Mere hours after the large concrete pots and barriers had been installed along South Grand from Arsenal to Utah—officials, residents, businesses, bicyclists, drivers—everyone was happy. To the surprise of many, including St. Louis Streets Director Todd Waelterman, traffic continued to flow freely and slower without any congestion despite the reduced lane count. And as time would prove, the slower speed of traffic reduced the number of crashes and improved pedestrian safety along South Grand. When the first phase of the project is constructed later this summer, it promises to be a marked improvement to the livability of this important retail corridor.
So it is disappointing to find out the city will not undertake similar improvements along another stretch of Grand at Grand Center. In fact, the estimated $1.8 million streetscape project stretching from Page Ave to Lindell Blvd will improve very little at all. It will redo the sidewalks, make all curb ramps fully accessible, and that’s about it. Everything else will look almost exactly the same.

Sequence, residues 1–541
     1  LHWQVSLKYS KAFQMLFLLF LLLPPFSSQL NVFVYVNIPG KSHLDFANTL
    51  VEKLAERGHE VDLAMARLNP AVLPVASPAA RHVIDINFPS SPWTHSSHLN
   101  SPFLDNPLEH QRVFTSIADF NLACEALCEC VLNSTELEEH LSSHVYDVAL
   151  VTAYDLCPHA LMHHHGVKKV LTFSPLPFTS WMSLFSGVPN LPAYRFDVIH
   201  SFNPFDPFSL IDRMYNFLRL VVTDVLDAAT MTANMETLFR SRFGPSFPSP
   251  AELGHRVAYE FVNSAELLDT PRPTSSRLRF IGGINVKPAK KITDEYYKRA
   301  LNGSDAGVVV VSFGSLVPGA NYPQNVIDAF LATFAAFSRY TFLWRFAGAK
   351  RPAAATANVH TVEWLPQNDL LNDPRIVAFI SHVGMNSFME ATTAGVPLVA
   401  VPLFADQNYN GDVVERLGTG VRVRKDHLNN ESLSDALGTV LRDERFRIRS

Curb extensions will not be installed to emphasize and increase the pedestrian space. Trees will not be planted along Grand Ave to green, shade, and soften the urban environment. No dedicated bike lanes nor sharrows will be painted on the roadway despite the emerging bike corridor on Grand Ave south of I-64. Parking meters will continue to have a baffling set of hours that likely hurt local businesses: no parking from 6pm to 6am. Grand Ave will, also, continue to have 4-lanes north of Bell Ave.
Citizens of St. Louis often wonder why Grand Center continues to underperform as a commercial center despite the presence of multiple crowd generating venues such as the Fox Theatre and Powell Symphony Hall and the presence of SLU nearby. The Grand Center streetscape project won’t do anything to help.Excerpt of plans for Grand Ave – Page to Lindell